That's an insanely large percentage of riders using the service, so it's possible ridership has increased even more than the mid-May figures indicate, or the commuters are really intense computer and handheld users. Also, note that the FAQ for the authority's overall Wi-Fi service requires you to be 18 years or older. It is Utah, after all--a minor might do something dirty with the service and the transit authority would be held responsible. The authority offers Wi-Fi on some buses, too.
The network is backed by fiber that runs alongside the track, which can make a huge difference in the ability to bring in backhaul. Other train lines have to work with either or both cellular and satellite backhaul, although Nomad typically uses fixed WiMax, as they are in this deployment. They're finishing up a 600 km London to Glasgow route for Virgin in the UK, which will be vastly larger than any other Internet-equipped route in the world.
This is one of the first major production service launches of train-based Wi-Fi in the U.S. VIA Rail in Canada is the only other in-production system offering in-transit Wi-Fi on a train line in North America. There are several trials, pilots, and phased-in plans underway. I thought 2007 would be the year that train-based Internet access took off; looks like it will leave the station worldwide in 2009, perhaps due to better 3G cell cover and improved antenna designs, as well as new commuter rail systems like FrontRunner that are designed with the idea of connectivity.
Wired writes that airplane-Fi is bursting out all over: I'll quibble with the writer's assertion that inflight Internet has been promised "for at least four years now." It wasn't promised. It was delivered with Boeing's Connexion, which turned out to be too expensive, too heavy, too slow (relatively), and timed wrong for the industry. The latest wave hasn't been promised for very long, unless you count OnAir, which was promising mobile telephony and texting for about four years, but has been hung out to dry by its satellite partner, Inmarsat, which has suffered huge delays in launching its birds for service.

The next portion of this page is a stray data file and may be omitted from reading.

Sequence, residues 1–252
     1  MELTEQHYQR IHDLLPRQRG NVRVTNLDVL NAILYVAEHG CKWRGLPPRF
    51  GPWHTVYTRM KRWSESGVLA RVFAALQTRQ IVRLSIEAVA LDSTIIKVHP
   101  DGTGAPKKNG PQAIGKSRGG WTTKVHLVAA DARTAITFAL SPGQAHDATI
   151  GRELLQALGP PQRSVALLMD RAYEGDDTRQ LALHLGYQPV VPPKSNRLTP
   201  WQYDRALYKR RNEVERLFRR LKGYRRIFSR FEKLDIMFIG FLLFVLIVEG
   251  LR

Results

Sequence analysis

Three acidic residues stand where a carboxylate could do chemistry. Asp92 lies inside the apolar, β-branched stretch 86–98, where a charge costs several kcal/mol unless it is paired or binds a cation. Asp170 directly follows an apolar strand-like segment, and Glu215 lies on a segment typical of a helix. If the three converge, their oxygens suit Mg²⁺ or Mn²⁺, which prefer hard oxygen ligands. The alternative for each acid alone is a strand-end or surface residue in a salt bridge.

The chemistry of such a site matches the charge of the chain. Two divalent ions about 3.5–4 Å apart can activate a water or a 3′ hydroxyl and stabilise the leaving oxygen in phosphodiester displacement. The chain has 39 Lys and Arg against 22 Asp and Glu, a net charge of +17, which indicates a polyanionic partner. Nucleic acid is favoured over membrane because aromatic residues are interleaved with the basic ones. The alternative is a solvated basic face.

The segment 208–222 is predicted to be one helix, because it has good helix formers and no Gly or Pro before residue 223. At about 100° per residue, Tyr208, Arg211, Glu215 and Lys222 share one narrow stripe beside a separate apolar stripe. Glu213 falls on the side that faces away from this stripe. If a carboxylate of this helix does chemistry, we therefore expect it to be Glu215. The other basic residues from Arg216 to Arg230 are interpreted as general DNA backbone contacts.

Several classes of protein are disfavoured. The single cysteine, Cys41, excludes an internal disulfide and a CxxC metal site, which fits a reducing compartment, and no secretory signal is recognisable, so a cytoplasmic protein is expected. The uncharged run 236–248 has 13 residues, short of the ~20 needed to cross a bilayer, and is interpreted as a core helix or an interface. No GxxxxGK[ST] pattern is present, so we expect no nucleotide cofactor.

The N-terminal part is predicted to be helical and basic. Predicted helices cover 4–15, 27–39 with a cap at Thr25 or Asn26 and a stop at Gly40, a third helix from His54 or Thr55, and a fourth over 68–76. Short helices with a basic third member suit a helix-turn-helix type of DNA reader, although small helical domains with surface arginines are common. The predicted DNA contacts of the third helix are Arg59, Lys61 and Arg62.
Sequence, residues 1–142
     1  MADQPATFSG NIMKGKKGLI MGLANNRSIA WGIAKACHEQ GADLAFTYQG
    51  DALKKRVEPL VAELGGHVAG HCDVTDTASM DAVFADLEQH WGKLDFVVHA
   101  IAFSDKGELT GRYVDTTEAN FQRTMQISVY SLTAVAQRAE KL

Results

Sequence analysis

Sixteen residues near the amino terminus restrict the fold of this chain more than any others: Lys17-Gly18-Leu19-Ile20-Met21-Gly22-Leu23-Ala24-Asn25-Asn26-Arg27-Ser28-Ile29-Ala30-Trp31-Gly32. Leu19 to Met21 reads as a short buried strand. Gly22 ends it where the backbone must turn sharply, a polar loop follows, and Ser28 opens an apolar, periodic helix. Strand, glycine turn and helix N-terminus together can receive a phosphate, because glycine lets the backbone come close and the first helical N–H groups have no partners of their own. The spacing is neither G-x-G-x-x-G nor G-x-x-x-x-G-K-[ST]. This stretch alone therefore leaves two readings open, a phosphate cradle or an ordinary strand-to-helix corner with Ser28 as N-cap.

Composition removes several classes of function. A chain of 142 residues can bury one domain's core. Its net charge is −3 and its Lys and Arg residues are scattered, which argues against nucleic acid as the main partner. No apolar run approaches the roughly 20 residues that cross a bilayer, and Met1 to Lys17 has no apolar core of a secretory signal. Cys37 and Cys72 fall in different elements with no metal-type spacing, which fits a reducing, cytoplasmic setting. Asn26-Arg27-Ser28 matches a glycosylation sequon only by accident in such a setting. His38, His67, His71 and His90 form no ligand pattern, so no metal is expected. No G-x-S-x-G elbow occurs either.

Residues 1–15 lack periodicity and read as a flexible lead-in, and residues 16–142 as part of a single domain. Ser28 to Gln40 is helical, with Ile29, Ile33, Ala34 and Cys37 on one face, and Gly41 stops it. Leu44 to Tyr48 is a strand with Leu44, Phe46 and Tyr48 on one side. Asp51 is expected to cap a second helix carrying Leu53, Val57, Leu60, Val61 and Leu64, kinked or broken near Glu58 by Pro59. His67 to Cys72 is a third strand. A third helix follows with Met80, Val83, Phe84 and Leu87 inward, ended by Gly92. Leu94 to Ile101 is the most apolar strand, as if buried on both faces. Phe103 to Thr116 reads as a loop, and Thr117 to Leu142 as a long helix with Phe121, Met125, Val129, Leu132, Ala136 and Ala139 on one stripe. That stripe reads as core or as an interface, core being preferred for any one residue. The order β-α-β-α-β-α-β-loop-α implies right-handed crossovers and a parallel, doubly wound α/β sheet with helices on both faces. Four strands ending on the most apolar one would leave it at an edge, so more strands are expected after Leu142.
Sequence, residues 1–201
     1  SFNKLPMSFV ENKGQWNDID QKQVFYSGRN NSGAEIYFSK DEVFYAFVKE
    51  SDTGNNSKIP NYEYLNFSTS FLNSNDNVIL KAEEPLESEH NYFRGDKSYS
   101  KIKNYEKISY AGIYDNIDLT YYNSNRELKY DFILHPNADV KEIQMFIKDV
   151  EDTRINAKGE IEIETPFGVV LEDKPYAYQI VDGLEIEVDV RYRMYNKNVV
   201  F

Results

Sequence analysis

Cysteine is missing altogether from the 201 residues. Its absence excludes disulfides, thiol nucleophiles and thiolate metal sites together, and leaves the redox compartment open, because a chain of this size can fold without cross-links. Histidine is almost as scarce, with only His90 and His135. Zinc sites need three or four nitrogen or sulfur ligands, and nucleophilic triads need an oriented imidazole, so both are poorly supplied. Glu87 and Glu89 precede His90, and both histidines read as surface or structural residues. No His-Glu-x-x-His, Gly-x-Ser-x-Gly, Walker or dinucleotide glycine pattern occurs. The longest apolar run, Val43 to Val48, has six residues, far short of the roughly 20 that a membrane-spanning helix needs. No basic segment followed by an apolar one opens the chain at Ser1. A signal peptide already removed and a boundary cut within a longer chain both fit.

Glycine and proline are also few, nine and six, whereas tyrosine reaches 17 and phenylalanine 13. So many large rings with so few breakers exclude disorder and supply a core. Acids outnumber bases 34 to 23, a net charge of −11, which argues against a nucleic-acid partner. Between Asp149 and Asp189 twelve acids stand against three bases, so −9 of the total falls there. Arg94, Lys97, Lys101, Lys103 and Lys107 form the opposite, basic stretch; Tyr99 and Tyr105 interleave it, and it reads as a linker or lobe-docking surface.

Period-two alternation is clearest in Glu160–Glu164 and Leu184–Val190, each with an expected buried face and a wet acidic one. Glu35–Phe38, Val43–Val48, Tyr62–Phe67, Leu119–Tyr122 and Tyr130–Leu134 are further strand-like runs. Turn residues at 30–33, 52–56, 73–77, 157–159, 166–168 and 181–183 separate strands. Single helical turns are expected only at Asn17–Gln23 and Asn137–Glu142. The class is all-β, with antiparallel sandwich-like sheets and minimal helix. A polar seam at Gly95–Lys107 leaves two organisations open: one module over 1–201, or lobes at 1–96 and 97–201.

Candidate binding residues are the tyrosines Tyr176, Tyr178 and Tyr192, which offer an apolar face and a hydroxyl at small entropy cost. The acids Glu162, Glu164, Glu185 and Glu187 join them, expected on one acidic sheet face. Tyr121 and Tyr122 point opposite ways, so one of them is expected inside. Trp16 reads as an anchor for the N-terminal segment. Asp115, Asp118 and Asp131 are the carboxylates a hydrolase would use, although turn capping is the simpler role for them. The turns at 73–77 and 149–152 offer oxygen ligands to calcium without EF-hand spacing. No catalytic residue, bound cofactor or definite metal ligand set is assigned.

The writer says that air-to-ground service is like Wi-Fi in the sky, but it's using cellular data standards, and so it's much more like mobile broadband in the sky. He also writes that there's 3 Mbps, which is the combined up-and-down estimated throughput of AirCell, the only firm that can operate such service in the U.S. for commercial flights. The next graf mentions that satellite-based Internet access is coupled with, uh, 802.11b (yes, B) access points. I think that's an error, innit?
And the analysis of JetBlue's move is incorrect. The purchase of Verizon's Airfone network is about positioning equipment, not using out-of-date gear that can't be employed for phone calls on commercial airliners.